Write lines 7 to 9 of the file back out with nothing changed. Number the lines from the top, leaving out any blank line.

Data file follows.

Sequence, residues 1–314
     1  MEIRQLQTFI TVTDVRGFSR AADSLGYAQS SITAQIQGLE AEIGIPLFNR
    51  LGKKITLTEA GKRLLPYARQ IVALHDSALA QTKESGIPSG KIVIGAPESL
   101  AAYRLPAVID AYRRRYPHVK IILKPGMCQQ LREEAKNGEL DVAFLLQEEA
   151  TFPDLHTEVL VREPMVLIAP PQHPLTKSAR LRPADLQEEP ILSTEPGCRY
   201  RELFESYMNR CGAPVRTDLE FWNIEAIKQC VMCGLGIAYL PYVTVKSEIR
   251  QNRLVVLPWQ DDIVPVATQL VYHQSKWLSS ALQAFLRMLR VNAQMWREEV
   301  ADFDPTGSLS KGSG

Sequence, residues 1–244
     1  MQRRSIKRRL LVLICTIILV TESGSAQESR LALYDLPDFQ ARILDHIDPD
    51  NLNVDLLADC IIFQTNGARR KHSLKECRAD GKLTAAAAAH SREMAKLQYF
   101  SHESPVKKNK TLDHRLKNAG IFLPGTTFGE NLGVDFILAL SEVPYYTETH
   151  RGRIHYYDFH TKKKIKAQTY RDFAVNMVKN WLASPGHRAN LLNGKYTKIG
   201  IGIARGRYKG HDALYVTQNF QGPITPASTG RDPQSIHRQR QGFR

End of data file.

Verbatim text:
   251  QNRLVVLPWQ DDIVPVATQL VYHQSKWLSS ALQAFLRMLR VNAQMWREEV
   301  ADFDPTGSLS KGSG

Sequence, residues 1–244